U.S. grains: Soy futures edge higher

Chicago/Reuters – U.S. soybean futures firmed on Wednesday, posting a mild recovery from two days of losses after holding technical support above the one-year lows hit last week.

Corn futures ended flat, while wheat weakened as plentiful world stocks suppressed an early rally attempt. Traders said the market was assessing the chances for drier spells in the U.S. Midwest after a rain-slowed start to spring planting.

A report released on Monday that showed lower-than-expected U.S. crushing demand last month has pressured soybean prices this week but some technical buyers stepped into the market on Wednesday despite the overall bearish picture.

“You cannot go down everyday,” said Jim Gerlach, president of Indiana-based A/C Trading.

Chicago Board of Trade May soybean futures settled up 4-1/4 cents at $9.50-1/4 a bushel.

CBOT May corn futures were unchanged at $3.61-3/4 a bushel.

“Planting remains at turtle like speeds as ground temperatures are subpar and field conditions are wet in areas,” Ridge Erdmann, ag associate at CHS Hedging, said in a note to clients.

Expectations of drier weather in the U.S. Midwest drove corn down more than 1 percent on Tuesday, but the latest forecasts also pointed to showers in the week ahead.

“Showery conditions are still expected to interrupt field work across the Midwest — and particularly the lower Midwest — for the next 10 days or so,” Commonwealth Bank of Australia analyst Tobin Gorey said in a note.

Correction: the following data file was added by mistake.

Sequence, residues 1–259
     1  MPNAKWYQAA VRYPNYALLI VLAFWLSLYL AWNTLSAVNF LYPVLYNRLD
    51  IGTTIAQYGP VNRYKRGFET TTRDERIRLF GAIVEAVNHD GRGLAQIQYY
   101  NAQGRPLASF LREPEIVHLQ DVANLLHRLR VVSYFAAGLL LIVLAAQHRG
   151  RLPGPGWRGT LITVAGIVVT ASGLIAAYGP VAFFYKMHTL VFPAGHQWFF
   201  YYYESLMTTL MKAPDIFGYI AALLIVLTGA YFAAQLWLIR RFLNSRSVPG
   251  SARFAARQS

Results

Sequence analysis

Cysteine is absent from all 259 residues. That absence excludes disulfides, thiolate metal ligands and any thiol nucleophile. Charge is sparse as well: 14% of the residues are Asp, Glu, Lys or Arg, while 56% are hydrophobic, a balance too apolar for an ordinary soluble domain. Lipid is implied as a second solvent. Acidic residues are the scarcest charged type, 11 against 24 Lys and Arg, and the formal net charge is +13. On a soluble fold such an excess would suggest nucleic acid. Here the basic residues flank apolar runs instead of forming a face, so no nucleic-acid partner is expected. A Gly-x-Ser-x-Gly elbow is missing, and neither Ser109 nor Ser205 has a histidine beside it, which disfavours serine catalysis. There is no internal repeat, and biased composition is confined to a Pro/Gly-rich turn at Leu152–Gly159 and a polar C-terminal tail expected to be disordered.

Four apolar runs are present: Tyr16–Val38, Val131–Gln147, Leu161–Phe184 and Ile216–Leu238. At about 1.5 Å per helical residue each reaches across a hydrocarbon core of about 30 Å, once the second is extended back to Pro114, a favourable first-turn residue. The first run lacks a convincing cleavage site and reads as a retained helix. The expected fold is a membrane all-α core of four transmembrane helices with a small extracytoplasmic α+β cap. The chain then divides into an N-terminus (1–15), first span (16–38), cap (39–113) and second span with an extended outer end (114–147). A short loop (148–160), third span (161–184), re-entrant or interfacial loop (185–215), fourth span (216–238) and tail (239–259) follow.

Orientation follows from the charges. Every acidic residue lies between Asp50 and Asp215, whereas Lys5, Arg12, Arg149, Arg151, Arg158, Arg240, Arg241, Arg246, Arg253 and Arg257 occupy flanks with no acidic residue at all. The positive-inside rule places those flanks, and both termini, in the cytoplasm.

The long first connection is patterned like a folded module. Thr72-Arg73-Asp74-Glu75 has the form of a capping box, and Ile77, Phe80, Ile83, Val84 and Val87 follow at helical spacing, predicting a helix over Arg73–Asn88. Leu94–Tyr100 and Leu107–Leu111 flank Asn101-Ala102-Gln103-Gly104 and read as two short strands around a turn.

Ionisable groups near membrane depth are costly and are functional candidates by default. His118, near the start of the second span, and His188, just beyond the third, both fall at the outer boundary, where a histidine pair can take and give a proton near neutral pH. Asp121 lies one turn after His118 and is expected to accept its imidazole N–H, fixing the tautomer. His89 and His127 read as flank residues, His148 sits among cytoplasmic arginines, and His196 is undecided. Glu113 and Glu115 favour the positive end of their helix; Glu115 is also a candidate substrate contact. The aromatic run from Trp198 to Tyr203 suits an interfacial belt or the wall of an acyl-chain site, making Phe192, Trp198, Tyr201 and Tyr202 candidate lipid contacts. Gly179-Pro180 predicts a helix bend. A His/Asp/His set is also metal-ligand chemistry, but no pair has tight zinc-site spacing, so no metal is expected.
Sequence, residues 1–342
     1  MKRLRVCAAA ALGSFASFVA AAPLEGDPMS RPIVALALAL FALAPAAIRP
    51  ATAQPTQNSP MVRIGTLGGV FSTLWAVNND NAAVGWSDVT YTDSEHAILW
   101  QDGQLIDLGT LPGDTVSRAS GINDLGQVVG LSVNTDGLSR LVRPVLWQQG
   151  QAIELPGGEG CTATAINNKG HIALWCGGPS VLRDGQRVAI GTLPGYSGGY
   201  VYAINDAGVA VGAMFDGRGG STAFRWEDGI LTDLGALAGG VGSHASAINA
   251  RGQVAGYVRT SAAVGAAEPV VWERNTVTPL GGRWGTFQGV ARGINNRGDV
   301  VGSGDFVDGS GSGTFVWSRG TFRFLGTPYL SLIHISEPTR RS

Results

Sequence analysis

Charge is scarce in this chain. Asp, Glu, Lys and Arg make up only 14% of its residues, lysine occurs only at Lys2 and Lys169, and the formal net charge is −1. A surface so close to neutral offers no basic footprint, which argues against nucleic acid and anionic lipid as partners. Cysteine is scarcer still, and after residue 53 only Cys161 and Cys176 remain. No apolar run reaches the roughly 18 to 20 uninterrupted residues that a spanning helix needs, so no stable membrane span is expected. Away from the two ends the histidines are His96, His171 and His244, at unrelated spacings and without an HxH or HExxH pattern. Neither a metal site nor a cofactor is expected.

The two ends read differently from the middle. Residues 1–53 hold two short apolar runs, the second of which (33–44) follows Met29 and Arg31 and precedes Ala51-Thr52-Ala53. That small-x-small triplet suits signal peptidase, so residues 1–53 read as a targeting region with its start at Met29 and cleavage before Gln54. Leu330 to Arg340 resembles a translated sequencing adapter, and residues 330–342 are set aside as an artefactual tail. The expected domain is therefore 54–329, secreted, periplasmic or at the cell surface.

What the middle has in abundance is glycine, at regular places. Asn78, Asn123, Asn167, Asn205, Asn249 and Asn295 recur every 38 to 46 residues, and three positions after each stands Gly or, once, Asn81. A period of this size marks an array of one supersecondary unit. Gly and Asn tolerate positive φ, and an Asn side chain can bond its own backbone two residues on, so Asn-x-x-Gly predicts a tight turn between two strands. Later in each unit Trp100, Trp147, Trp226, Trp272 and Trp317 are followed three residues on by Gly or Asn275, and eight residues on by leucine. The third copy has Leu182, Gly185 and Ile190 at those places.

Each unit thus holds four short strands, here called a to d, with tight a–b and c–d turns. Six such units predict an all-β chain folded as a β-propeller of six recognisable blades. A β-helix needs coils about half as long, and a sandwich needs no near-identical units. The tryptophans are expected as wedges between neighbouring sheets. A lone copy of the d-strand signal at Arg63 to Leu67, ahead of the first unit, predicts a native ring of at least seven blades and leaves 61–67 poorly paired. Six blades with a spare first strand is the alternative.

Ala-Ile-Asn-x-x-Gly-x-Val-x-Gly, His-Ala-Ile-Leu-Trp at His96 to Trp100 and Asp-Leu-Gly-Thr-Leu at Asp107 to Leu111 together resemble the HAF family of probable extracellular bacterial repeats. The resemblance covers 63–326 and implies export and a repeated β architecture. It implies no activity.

But forecasters are now looking at drier weather at the end of April or start of May in the U.S. Midwest, Gorey said.

CBOT May soft red winter wheat futures were 3-1/2 cents lower at $4.19 a bushel. MGEX spring wheat and K.C. hard red winter wheat also closed in negative territory.

Beneficial moisture in the U.S. Plains has kept the focus on ample global supply, despite emerging weather worries in Europe where crops face spring frosts this week on top of recent dryness.

The wheat market was also waiting to see whether India would continue to import large volumes in the coming season, amid uncertainty over what import terms it will impose.

– Additional reporting by Manolo Serapio Jr. in Manila and Gus Trompiz in Paris

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